Friday, May 21, 2010

Clumsy Colossuses...

One could argue this title refers to...

street trees in our Woodland Hills neighborhood;

and/or it refers to

equipment used in removing vast portions of their crowns, while allowing their towering trunks and soaring scaffolding to remain,

and it refers to

City of Los Angeles that may no longer deploy such equipment.

Can any of these collosi be blamed? Aren't they just doing their jobs?

And, didn't we choose to live here? But, who could have guessed, say, 30 years ago so many of our beloved trees would become so diseased, would cause us to be in such an untenable position? And, being a representative democracy, aren't we ourselves the City of Los Angeles. So then, how shall we engage to solve our shared problem?

Poor trees, and poor us who live beneath their colossal crowns...

Can this possibly be called ethical tree care?

How are trees to keep recovering from this treatment? Is it not hastening their decline?

In five-foot (or roughly 1.5 meter) parkway easement (or verge) strips in our neighborhood are planted 80-plus-year-old Eucalyptus trees, some of which the trunk diameter exceeds the planting space. Between cycles of topping by City tree crew, some also attain heights exceeding the reach of most City-owned equipment. They are diseased, they are drought-stressed, and I do not believe anyone knowledgeable would argue against the fact they are the wrong tree in the wrong place. Legacy of a scoundrel of a developer of four score and eight years ago, who called himself "Girard." Yet, having been protected from removal and allowed to mature to gargantuan proportions, while at the same time, repeatedly having been subjected to tortuous topping practices, these trees may soon become the sole responsibility of the owner of the adjacent home. Perhaps I should be glad none remain in front of my home. Yet, I am not unaffected by others in the neighborhood in which I live and garden.

Would it not be better to remove the diseased Eucalyptus trees before they fall on us?

And, plant appropriate somewhat smaller trees in their places? If so, how can we afford to do that? What funds might be available to help with a neighborhood tree planting (including removal and replacement)? And, how can we organize to get it done?

At least two appropriate, low-water-using replacement tree species come to mind: Australian Willow -- Geigera parviflora (Evergreen) and Maidenhair Tree -- Ginkgo biloba (Deciduous.) They would only require training when young to encourage desired form. In maturity, they would not require maintenance pruning other than occasionally removing weak or dead wood.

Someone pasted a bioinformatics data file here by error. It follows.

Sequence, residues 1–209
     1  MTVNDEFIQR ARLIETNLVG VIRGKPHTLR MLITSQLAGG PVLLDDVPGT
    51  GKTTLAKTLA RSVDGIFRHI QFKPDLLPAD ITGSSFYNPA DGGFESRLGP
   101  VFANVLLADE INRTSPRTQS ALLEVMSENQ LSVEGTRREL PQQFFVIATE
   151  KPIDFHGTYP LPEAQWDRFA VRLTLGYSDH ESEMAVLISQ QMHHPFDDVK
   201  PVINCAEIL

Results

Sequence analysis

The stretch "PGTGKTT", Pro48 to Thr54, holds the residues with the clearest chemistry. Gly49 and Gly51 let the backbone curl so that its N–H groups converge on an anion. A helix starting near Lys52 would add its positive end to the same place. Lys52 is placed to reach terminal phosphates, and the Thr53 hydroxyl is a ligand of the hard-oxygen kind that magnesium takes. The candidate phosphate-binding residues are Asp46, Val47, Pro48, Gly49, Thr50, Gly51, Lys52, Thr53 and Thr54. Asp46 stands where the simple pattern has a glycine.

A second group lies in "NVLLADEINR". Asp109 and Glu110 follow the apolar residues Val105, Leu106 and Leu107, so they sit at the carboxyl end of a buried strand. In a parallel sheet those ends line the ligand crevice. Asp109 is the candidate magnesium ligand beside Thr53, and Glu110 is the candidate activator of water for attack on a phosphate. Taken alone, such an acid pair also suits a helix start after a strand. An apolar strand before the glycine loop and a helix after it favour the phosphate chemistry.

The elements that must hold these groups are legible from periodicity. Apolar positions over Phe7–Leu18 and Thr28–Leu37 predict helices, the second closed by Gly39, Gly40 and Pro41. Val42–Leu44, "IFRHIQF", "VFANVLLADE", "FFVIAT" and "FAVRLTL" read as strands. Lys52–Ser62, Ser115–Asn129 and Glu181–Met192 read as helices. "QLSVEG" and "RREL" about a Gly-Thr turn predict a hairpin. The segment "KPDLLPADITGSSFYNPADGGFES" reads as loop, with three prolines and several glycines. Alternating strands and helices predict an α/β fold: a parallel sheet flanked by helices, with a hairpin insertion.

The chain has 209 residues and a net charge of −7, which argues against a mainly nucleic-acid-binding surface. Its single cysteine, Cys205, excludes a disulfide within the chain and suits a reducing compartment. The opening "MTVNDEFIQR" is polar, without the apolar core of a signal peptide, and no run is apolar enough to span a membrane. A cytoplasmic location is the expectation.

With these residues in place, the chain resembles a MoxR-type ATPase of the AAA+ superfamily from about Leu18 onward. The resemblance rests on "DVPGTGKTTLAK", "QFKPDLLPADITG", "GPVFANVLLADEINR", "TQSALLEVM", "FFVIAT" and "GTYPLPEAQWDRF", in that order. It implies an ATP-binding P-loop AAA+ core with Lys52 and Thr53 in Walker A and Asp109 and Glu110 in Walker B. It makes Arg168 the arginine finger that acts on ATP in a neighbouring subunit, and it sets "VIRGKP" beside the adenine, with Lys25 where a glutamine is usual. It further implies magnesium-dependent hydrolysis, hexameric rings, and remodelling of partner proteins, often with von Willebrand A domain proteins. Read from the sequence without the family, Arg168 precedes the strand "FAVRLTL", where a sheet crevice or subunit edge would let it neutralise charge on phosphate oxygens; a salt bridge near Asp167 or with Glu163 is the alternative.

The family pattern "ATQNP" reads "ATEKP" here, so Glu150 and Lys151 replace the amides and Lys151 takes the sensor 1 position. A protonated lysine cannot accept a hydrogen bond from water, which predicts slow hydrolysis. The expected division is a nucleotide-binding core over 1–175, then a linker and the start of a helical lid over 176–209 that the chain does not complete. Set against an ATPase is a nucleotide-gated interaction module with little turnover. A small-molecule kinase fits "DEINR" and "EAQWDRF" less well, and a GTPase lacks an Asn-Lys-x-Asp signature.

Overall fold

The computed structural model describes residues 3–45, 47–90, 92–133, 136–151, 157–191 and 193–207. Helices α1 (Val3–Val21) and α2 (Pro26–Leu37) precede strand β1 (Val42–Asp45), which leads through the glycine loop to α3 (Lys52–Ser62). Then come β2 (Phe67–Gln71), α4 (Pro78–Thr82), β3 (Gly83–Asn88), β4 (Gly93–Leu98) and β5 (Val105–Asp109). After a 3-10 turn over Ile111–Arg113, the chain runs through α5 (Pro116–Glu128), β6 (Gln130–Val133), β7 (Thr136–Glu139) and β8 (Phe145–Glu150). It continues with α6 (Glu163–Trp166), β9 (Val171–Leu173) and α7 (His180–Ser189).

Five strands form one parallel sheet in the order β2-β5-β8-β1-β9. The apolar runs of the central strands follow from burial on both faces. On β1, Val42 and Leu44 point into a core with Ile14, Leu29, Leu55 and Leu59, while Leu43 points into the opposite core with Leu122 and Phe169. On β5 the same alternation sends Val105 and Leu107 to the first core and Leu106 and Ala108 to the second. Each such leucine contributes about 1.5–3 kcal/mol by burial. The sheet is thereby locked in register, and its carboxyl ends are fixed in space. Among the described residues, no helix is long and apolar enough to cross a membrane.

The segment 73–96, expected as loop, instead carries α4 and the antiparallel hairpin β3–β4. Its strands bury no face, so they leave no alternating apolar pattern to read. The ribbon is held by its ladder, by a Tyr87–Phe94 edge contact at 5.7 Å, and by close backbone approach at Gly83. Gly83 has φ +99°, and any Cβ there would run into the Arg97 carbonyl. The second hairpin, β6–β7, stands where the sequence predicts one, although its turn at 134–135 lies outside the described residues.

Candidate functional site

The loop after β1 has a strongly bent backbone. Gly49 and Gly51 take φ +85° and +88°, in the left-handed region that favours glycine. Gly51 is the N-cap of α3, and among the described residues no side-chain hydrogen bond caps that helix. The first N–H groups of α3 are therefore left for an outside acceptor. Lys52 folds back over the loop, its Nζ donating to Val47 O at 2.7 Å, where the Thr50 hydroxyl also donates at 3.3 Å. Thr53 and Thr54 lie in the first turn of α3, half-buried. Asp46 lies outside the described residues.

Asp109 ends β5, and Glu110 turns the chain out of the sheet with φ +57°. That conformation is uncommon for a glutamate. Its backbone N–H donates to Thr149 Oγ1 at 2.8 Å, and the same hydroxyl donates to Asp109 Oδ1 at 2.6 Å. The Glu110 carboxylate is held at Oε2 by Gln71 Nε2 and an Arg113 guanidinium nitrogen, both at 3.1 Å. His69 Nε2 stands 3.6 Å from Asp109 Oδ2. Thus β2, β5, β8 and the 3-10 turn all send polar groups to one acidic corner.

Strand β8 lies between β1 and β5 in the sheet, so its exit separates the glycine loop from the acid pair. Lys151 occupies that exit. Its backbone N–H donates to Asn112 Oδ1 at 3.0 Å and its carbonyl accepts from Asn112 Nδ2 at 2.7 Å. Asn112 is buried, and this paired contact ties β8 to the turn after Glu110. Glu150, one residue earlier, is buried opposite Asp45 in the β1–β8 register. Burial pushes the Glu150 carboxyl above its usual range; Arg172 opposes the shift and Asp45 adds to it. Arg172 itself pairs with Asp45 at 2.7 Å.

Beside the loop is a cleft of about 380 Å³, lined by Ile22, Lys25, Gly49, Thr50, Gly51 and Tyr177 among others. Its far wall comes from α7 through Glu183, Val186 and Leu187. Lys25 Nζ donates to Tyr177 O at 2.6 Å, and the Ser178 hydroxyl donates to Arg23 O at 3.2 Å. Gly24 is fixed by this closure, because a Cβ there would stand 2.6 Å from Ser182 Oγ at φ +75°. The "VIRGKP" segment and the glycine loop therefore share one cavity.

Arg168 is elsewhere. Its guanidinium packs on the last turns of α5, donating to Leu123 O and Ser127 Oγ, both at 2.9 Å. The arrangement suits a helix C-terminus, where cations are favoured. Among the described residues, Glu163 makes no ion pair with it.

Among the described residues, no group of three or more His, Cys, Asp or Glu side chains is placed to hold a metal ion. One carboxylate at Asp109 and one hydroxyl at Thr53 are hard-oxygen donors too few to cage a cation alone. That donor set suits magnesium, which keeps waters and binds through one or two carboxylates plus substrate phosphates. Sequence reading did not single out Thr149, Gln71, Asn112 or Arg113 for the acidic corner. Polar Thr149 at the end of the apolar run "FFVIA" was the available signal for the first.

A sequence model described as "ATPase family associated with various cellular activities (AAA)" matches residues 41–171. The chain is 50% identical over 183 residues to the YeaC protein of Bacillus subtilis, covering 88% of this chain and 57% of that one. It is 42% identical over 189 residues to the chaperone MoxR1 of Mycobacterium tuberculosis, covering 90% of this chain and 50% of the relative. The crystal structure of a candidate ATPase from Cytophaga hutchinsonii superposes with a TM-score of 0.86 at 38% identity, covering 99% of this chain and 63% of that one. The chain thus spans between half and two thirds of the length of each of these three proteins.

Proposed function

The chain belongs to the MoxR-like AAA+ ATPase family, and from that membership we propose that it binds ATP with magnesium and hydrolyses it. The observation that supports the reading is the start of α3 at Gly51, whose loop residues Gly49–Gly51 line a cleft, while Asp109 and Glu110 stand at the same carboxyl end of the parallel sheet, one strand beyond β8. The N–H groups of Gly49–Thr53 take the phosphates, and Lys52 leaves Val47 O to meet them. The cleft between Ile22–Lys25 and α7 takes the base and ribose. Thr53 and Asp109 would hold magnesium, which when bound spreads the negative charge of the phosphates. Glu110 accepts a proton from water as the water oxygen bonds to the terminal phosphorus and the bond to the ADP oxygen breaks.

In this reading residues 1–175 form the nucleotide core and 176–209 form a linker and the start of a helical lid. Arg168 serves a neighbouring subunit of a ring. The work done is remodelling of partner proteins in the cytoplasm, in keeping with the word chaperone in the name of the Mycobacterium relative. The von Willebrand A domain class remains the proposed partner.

Now, faced with mandate to balance the budget, according to his "Zine Line Newsletter", Council Member Dennis Zine's staff reports City Council has passed a new budget including "reductions in tree trimming" among other service trimming under the new budget. I understand Zine opposed these cuts.

If the City no longer takes the responsibility for maintaining these behemoths, what then will be the consequences of failure? Meaning homeowner failure to perform timely maintenance, or the tree's demise (failure) or limb failure. Are we just to accept the consequences?

Wrote a letter Thursday expressing my concerns and suggestions to Dennis Zine, Council Member, 3rd District, City of Los Angeles, who represents the interests of our community. I am encouraging others in my neighborhood also to send email and letters to Zine's office. We must share our voices to make our local government work.

Council Member Zine's contact information is available on his website linked here.

Sunday, May 2, 2010

Wildlife and edible gardening...

Just this morning, Google searched name of a shrub or small tree indigenous to southern Africa, Grewia occidentalis. There it is commonly called Cross-berry, here, Lavender Star Flower. Ran across a related blog post from Ross, a designer in Durban.

Then, wandering through Ross's posts of the past few weeks, I ran across this post, which gives a whole new meaning to "wildlife friendly gardening"! Sharing my garden quite unintentionally with occasional coyote -- attracted to small, four legged creatures -- attracted to various crops and/or other visiting critter. Thinking to do more to attract "wildlife." However, thankful I don't have to worry about how to or how not to attract black mambas!

In early morning, when out in my garden, this is as wild as it gets:

And, no, I don't live in a cage, but maybe I should!

In the narrow side yard, atop my block wall, between neighbors' wood fence and my garden gate , there is a passthrough just big enough for a 'possum and her family to quietly lumber through. Or, just big enough for a coyote to trot through when I startled him/her from hiding place behind raised bed, eyeing neighbor's cat meowing from my apple tree. Easy enough to slip back in the house for camera to catch the posing 'possum. Doubt I'll get a photo of a coyote in my garden any time soon, but I see plenty of evidence of their nightly visits.

In early evening, when I am often out in my garden, this is about as "wild" as it gets:

Photo above taken when I shared the last of my navel orange crop for the year, with my rear neighbors. Being a little sister, myself, I really appreciate the triumph of success after saying to myself... you want me to put that whole thing in my little mouth and smile? Are you nuts?

Thank you, neighbors! You are the best sports!